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How to choose COVID masks so winter doesn’t leave yours a soggy, failing mess

Winter starts Monday, but the weather’s curious effect on face masks has already changed.

Your mask has gotten wet outside, hasn’t it?

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Now, when a sub-freezing wind kicks up, we know that a wet cloth against your skin risks heat loss and skin damage.

But, also, the reason most of us are wearing masks outside — to protect each other from the coronavirus — is diminished when our masks get wet.

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There are fabric face coverings that keep your skin warm and dry (drier than cotton or paper), but do they stop the rotten virus, too?

Let’s take a look.

As I’ve reported, ski resorts across Michigan and the U.S. are requiring face coverings in lift lines, on lifts and at times when you’re not six feet apart. Ice rinks and paths from South Bend to Elkhart require masks throughout their facilities.

None of them specify what kind of face coverings to wear. But Wellfield Botanic Gardens in Elkhart took the extra step of saying that neck gaiters, bandannas and scarfs wouldn’t be enough for its Winter Wonderland light display — only masks would do — as Executive Director Eric Garton emphasized a “safer environment.”

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I’ll get to the fabrics. But first, I spoke with Dr. Keyna Martinez, a family physician with Beacon Medical Group in Bremen who has studied the issue, about key facts to consider in wearing any mask:

—”Your highest risk is not on a ski lift,” she says of the winter breezes that help to dissipate virus particles. “Where it matters most is when you walk indoors.”

—A wet or dirty mask is like a basket. Once it’s full, Martinez says, it cannot hold any more of the virus particles. They just pass through.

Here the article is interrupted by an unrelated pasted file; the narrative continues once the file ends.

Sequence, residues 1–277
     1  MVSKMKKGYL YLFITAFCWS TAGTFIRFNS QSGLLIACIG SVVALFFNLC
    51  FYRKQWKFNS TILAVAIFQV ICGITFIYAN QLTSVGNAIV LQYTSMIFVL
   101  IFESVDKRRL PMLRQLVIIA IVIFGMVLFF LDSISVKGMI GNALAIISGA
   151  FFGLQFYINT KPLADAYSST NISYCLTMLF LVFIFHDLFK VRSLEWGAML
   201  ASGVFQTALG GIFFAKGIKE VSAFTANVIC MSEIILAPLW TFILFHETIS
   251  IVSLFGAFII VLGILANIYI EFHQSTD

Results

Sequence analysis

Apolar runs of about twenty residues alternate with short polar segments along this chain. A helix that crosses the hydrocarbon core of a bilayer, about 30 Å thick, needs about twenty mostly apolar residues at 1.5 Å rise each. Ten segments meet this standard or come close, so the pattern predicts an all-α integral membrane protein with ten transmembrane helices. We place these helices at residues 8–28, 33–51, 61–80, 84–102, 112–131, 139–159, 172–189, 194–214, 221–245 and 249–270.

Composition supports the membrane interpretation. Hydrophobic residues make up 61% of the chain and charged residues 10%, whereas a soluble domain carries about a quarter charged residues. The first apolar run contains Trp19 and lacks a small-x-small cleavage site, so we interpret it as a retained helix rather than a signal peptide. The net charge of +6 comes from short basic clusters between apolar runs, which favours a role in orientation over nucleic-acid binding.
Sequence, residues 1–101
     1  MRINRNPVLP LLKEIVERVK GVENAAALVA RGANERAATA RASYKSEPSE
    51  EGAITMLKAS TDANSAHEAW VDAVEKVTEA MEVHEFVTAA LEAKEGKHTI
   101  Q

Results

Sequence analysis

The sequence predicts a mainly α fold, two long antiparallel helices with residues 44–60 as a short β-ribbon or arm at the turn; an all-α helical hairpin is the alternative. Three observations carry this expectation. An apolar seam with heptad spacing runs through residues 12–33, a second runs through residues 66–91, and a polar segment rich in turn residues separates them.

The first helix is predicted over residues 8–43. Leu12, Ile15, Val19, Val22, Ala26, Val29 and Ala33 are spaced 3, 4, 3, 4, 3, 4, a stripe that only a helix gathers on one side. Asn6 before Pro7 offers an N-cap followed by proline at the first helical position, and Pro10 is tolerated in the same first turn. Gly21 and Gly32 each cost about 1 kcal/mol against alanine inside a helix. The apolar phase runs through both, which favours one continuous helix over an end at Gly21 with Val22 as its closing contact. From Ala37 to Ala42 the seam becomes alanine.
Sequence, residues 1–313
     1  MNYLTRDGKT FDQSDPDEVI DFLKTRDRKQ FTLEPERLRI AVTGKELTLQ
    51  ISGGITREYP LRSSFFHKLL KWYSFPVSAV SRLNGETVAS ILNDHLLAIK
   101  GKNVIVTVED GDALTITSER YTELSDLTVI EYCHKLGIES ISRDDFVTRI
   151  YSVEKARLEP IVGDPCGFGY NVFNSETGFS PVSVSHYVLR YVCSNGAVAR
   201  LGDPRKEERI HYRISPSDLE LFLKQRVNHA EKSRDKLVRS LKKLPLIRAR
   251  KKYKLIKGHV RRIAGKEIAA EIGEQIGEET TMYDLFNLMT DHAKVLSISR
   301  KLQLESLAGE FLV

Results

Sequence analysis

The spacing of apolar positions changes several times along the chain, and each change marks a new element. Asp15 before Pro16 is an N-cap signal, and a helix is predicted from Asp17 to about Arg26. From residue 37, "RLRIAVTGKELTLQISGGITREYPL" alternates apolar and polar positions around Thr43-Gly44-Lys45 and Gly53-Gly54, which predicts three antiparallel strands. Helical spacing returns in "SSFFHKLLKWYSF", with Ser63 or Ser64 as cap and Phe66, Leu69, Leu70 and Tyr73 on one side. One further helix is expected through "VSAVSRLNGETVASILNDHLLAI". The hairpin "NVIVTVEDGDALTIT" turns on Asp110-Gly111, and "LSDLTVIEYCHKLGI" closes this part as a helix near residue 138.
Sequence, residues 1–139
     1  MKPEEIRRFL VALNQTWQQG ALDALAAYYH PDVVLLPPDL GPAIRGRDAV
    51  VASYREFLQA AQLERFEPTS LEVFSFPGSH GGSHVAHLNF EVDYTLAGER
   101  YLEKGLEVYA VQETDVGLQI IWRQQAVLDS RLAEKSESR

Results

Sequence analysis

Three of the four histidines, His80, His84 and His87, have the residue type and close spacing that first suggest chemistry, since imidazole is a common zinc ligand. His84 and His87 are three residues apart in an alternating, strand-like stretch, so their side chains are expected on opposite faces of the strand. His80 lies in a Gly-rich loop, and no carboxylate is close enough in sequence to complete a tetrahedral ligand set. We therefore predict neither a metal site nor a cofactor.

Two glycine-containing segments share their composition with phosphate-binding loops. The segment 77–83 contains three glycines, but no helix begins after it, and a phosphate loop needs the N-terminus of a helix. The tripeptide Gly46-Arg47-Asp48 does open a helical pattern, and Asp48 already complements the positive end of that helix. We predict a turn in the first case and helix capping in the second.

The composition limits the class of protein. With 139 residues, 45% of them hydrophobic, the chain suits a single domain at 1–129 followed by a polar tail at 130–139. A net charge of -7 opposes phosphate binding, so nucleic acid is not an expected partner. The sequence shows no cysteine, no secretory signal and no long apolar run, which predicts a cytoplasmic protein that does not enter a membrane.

And that’s also why you should wash a cloth mask every day that you use it, she says.

—That makes this next point ever more critical. Before you step indoors — where the virus is more apt to hang in the air — switch to a dry mask. Have at least one spare mask, if not more.

Obviously, the same is true if you’re stepping into a bus or car with people from outside of your household. That’s a separate discussion, as the vehicle would then need fresh air ventilated in, as from open windows.

Whatever we wear, it should fit snugly, without gaps to let virus particles escape.

—Cloth masks should have at least two layers of cotton or linen to catch particles.

—Paper masks are fine.

—Masks with air valves fail to protect other people. Avoid them. They filter out the air you breathe in, but then they release your particles into the air through the valve, the Centers for Disease Control and Prevention says. Before the pandemic, some N95 masks were made with valves specifically to protect contractors from dust but to also let the worker discharge hot, moist air that could dampen their mask.

—Face shields don’t do anything to prevent the virus from filling the air, the CDC says. They only keep the virus from getting fired into a person’s eyes, Martinez says.

—Neck gaiters and tubes should be worn with caution. Those thin, polyester gaiters that became popular this summer aren’t effective, Martinez says, explaining that their slippery material does a poor job of catching and holding particles. The CDC has also pointed that out, but in a graphic on its website this fall, the CDC says a gaiter is OK as long as it’s double layered or it’s folded over to make two layers.

Buff, a well-known company that’s been making gaiters and tubes for several years — both the thin, cool kind for summer heat and a thicker, warm one for winters — had said early on that its lightweight gaiters weren’t designed nor tested to screen out the virus.

To meet this year’s pandemic need, Buff started making both a mask and tube with an inside mesh pocket where you can insert and replace filters. The masks and tubes cost $29-$22; a pack of 30 filters costs $22.

Buff is among other outdoor companies that are also making multi-layer face gear.

—Neck warmers and balaclavas have long been an effective way to protect the skin of winter athletes. These are made with many warm, high-tech fabrics, each with varying levels of thickness, that wick moisture from your skin and stop the wind. Many are made with fleece.

Martinez says fleece could be moderately effective because it’s a bulkier material that can hold particles. One key COVID test for any of these cold-weather masks, Martinez and health officials advise, is that you shouldn’t see pinpricks of light through the material.

I have a fleece balaclava with breathing holes at the mouth and nose, bought before the pandemic. Naturally, that will offer zero COVID protection unless I add a proper mask beneath it.

(c)2020 the South Bend Tribune (South Bend, Ind.)

Visit the South Bend Tribune (South Bend, Ind.) at www.southbendtribune.com

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